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Leaders of public sector agencies must incorporate the voices of diversified stakeholders into planning and decision-making processes. With aging infrastructures around the world, public agencies are challenged to move public benefit projects forward when citizens are not engaged or empowered to participate in the process. The purpose of this triple bottom line (social, ecological, and financial) and social responsibility study was to explore whether public sector organizations are socially responsible by law. A case study was developed using data from publicly available documents and interviews that explored how the San Francisco Public Utilities Commission (SFPUC) implemented a social responsibility framework that was grounded using the International Organization for Standardization (ISO) 26000 guidelines, stakeholder theory, and corporate social responsibility theory. Data were collected using a researcher-developed questionnaire for face-to-face interviews with 20 elected officials, public agency executives, program managers, advisory group members, regional public sector members, and community stakeholders. Data were analyzed using direct interpretation, detailed description, establishment of correspondence and patterns, and categorical aggregation. Three themes emerged that demonstrated the existence of a socially responsible organizational framework at the SFPUC: unequivocal leadership support, allocation of adequate resources to fund the program, and a dynamic stakeholder-driven performance metrics and reporting system. The research findings may contribute to social change by demonstrating how ISO 26000 can help frame the performance measurement and reporting systems of public sector agencies and serve as a foundation for implementing stakeholder policies and procedures thus benefiting the public.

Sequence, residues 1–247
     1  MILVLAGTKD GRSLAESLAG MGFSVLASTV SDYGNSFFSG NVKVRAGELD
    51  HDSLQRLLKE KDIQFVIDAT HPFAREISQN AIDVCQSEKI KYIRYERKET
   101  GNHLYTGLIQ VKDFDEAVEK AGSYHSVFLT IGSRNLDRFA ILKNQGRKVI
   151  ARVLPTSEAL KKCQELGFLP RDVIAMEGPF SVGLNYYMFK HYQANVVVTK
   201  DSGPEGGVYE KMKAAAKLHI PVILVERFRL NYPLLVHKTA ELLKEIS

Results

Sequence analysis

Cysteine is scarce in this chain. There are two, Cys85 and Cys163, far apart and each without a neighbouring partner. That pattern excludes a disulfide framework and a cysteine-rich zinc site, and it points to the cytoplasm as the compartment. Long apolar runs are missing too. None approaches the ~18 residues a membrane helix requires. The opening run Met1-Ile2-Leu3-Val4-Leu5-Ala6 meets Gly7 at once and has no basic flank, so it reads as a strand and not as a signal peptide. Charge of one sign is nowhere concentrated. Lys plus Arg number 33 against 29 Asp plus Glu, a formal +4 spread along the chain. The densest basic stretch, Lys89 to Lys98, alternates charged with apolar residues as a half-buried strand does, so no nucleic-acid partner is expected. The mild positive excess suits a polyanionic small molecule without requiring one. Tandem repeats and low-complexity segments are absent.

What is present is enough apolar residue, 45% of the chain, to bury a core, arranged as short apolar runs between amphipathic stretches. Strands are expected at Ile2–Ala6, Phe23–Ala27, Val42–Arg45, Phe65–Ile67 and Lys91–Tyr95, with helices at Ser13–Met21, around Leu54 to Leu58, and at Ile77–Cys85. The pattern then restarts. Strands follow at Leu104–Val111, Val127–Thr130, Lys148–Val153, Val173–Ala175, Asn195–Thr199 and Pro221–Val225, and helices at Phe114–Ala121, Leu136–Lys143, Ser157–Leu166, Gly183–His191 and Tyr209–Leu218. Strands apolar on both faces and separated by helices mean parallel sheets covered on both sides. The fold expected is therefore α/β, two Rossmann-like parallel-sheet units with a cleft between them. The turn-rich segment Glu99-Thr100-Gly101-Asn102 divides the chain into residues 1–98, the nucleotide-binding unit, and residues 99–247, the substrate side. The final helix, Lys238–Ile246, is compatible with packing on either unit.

Ajiake, Matthew, "The Triple Bottom Line and Social Responsibility Framework in Public Sector Management" (2015). Walden Dissertations and Doctoral Studies. 1373.
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